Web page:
Years later, Kazaras made his Metropolitan Opera debut in that very same Mussorgsky opera. Then in 1991, Kazaras graced the Met stage as Count Almaviva in the world premiere of John Corigliano’s The Ghosts of Versailles.

“It was totally exciting,” Kazaras said. “It was a big performance — it took seven weeks of rehearsal, which is unheard of.”

Corigliano’s The Ghosts of Versailles is loosely based on the final story in Beaumarchais’ Figaro trilogy — La Mère coupable (The Guilty Mother).   

The Ghosts of Versailles is a complicated piece, according to Steven Osgood, general and artistic director of Chautauqua Opera. 

“But it does everything that we want in an operatic treatment of The Guilty Mother,” Osgood said.

The Characters

The story takes place in the afterlife of King Louis XVI, who is played by baritone Guest Artist Marco Nisticò. The ghost of Louis XVI’s wife, Queen Marie Antoinette, played by soprano Guest Artist Caitlin Lynch, is upset about being beheaded. To cheer her up, the ghost of Beaumarchais, played by baritone Guest Artist Daniel Belcher, stages an opera called A Figaro for Antonia, which is based on La Mère coupable.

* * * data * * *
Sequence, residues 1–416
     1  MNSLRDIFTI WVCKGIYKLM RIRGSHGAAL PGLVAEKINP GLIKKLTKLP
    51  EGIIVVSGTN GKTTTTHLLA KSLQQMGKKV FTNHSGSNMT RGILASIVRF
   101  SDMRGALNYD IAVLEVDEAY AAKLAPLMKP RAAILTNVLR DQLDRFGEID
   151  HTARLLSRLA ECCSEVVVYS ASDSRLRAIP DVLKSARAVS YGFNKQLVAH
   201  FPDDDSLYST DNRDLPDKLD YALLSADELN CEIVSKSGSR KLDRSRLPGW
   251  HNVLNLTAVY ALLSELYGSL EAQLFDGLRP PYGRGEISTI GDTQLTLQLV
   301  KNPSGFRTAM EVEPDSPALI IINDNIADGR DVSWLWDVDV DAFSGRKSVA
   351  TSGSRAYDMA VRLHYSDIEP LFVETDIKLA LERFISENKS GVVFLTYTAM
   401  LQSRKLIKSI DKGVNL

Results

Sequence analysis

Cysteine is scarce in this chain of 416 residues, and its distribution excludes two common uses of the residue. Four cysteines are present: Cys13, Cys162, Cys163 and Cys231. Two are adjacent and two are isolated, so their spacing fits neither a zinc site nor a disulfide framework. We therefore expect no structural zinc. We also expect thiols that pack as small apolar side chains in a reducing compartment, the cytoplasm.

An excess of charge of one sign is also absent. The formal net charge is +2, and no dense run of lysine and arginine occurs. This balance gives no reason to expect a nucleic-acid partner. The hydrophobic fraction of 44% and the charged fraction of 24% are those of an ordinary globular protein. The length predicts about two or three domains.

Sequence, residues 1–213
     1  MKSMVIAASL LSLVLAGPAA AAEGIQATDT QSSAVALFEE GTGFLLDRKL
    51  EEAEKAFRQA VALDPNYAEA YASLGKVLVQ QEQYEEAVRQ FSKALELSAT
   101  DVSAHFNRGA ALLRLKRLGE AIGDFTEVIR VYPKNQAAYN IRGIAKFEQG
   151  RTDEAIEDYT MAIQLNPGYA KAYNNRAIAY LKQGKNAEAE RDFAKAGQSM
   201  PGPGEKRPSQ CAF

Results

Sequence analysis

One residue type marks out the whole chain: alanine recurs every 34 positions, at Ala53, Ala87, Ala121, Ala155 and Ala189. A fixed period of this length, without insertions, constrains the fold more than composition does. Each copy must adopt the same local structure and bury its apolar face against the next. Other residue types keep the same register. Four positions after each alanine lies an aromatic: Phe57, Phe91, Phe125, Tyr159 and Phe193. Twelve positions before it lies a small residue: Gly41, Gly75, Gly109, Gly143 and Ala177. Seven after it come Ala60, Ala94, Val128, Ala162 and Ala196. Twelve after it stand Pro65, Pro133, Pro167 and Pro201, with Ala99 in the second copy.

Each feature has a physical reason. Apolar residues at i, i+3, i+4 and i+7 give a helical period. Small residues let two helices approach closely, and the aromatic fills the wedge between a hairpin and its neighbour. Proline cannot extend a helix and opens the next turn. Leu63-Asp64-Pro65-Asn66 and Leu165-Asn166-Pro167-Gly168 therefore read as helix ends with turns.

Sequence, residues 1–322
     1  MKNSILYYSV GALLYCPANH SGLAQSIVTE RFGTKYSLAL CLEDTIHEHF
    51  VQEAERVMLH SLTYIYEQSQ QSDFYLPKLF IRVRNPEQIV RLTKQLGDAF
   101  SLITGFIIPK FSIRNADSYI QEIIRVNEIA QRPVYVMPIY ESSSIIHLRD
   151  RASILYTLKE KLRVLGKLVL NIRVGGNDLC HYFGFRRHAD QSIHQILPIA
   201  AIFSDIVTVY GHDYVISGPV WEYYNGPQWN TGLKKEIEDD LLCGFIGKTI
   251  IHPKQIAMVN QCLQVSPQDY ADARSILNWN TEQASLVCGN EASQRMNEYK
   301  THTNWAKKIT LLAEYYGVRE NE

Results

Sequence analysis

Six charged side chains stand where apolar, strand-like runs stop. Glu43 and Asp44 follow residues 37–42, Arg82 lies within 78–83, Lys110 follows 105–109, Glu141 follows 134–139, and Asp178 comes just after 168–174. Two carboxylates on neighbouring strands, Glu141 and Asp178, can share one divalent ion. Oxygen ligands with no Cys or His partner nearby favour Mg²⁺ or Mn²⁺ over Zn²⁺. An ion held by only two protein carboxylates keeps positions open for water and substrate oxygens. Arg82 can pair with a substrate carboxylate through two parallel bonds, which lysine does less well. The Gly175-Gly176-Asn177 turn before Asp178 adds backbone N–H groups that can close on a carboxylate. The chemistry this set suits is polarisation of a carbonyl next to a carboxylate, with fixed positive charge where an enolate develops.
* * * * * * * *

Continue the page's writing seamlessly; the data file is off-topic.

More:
The opera within the opera, A Figaro for Antonia, brings together Count Almaviva, played by Young Artist Blake Friedman, tenor, and Countess Rosine, played by Young Artist Lauren Yokabaskas, soprano. The two characters have run into marital issues; the count is estranged from Rosine after finding out she was unfaithful.

Their son León, who is played by Young Artist James Stevens, tenor, is the product of the infidelity and is in love with the Count’s illegitimate daughter, Florestine — played by Young Artist Natalie Trumm, soprano.

Figaro, played by baritone Young Artist Scott Purcell, and Susanna, played by mezzo-soprano Young Artist Quinn Middleman, come to the rescue. The story comes 20 years after Beaumarchais’ Le Mariage de Figaro (The Marriage of Figaro).

A Play Within a Play